Long distance relationships bring a lot of alone time, and learning to be alone has been extremely valuable for my relationship and my life. When we first moved thousands of miles away from each other, I spent weeks missing my boyfriend and feeling sorry for myself. I was miserable and brought nothing but negativity to my relationship. After a messy few months, I started turning time lost missing my boyfriend into time gained loving myself. I found new hobbies and passions, strengthened relationships with friends and family, and took myself out to lunch. I am happier now and able to bring my happiness into my relationship. Self-care is always worth it, regardless of relationship status.

Trust is Hard

Anyone who has ever been in a relationship or seen a romantic comedy knows the importance and difficulty of trusting your significant other. Without trust, a relationship gets bogged down with insecurities and arguments. In a long distance relationship, hours can go by without communication, spending time with members of the opposite sex is inevitable, and you can’t rely on behaviors and body language to relay emotions. Trust takes work – doubts can arise in even the strongest relationships. I have learned to ignore baseless worries and doubts, so my energy can be spent on something better, like planning our next reunion.

Change Will Come Whether
You Like it or Not

The oft-quoted saying by Heraclitus says it best: “No man ever steps in the save river twice, for it’s not the same river and he’s not the same man.” People and circumstances are constantly changing, and any relationship needs resilience to survive. My long distance relationship has seen countless changes in plans, most of them bringing heartache. A winter that was supposed to be spent traveling through Asia together ended up with my boyfriend and I on opposite coasts. A temporary work assignment took him to a rural area with no cell or internet service. A trip was canceled due to illness. Life is messy, complicated, and out of my control. Learning to see unplanned changes as road bumps rather than reflections of our relationship has helped me roll with the punches in my relationship and in life.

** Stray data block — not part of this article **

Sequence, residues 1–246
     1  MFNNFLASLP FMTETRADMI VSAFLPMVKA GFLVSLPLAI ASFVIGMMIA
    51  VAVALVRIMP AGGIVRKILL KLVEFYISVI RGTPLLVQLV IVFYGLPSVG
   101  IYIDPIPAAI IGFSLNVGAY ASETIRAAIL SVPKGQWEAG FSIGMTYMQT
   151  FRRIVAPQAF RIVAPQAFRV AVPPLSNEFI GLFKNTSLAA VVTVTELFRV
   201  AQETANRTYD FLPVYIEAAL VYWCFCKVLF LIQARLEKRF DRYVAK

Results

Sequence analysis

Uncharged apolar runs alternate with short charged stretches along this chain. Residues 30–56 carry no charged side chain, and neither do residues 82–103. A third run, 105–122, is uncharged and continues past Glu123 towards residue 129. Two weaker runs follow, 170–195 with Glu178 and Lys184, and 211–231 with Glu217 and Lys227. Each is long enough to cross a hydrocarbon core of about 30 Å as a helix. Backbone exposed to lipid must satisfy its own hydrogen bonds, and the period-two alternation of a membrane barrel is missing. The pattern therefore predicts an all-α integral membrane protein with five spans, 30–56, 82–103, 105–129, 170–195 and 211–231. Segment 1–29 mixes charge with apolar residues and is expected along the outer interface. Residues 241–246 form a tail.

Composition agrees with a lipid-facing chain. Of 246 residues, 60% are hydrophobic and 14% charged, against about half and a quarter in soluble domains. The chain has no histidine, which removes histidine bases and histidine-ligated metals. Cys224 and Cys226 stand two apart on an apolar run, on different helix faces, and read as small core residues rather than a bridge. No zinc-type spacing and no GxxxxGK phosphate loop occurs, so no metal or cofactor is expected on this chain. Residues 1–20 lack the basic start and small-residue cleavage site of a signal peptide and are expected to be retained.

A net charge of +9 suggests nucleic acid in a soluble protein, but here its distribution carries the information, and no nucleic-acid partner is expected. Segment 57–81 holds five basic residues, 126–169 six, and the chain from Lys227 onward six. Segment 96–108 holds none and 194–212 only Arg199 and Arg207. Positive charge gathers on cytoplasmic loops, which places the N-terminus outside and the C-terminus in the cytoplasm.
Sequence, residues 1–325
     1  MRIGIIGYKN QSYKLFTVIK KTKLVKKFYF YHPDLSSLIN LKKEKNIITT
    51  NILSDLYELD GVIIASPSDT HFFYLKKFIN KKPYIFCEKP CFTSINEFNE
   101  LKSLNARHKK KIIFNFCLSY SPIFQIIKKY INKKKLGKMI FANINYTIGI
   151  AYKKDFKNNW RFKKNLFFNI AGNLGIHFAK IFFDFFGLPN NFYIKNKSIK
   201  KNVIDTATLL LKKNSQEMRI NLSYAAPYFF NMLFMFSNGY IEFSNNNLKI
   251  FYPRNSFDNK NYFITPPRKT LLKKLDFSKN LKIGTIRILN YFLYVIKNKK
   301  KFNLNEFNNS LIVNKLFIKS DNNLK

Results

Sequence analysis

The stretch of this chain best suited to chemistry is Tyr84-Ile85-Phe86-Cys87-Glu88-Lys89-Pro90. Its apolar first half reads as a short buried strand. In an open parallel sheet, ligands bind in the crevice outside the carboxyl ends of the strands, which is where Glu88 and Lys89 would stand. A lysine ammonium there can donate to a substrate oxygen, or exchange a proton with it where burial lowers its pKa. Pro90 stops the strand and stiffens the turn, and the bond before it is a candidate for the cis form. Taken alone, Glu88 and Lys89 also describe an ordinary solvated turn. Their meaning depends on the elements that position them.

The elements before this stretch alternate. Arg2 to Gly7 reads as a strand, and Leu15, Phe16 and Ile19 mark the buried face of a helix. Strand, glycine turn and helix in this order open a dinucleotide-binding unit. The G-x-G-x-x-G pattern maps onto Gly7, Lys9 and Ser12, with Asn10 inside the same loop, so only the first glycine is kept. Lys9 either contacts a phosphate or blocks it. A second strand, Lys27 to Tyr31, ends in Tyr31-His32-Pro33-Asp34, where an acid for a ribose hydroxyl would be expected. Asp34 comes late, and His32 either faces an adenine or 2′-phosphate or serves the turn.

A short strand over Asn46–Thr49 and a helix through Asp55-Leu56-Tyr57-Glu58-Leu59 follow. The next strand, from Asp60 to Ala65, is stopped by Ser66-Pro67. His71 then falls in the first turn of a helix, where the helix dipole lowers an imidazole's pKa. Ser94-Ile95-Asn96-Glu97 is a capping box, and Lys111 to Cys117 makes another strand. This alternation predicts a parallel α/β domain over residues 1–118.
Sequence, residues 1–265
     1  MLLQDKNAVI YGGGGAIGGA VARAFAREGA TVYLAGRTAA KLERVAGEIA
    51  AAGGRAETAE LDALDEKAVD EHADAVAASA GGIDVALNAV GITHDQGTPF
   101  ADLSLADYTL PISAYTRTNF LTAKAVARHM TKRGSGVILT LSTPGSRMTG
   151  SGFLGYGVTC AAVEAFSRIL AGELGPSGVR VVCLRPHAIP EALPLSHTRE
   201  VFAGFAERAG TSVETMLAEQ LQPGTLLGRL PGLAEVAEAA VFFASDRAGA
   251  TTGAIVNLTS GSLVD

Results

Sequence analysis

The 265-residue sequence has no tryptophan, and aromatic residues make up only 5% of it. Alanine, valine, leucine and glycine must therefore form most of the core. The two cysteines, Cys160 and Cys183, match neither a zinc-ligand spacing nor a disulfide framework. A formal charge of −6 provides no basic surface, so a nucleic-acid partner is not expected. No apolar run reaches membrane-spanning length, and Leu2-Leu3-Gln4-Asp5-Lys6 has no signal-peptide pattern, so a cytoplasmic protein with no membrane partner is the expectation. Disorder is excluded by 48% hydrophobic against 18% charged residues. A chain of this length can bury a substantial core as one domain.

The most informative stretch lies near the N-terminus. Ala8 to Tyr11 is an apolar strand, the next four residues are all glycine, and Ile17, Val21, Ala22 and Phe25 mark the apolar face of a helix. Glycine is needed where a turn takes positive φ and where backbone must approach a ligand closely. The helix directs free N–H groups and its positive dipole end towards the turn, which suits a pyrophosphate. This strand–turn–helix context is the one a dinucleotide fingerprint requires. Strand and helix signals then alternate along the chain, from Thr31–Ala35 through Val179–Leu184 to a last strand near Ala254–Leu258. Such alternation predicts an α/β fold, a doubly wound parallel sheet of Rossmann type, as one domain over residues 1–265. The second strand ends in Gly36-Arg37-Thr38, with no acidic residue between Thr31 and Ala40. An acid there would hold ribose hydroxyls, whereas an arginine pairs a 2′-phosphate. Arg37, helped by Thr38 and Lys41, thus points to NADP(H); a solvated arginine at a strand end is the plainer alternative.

Relax, Be Patient, and Enjoy Today

I’m a planner. I constantly look ahead, to the day, the next item on my to-do list, to the next chapter in my life. My boyfriend is not. He lives in the moment and tends to go with the flow. The uncertainty of when we will see each other can turn me into a planning, worrying mess, obsessing with plane ticket prices and calendars. I’m slowly learning to value each day and trust that when we do finally close the distance for good, all of the waiting will be worth it.

I will never love being away from my partner. But I have learned that the joy gained from loving each other – even from afar – overpowers the nights spent alone, the dropped calls on Skype, and all the other little things that suck. Isn’t that what relationships, long distance or not, are all about it?


3 thoughts on “How I Learned to Stop Worrying and Love My Long Distance Relationship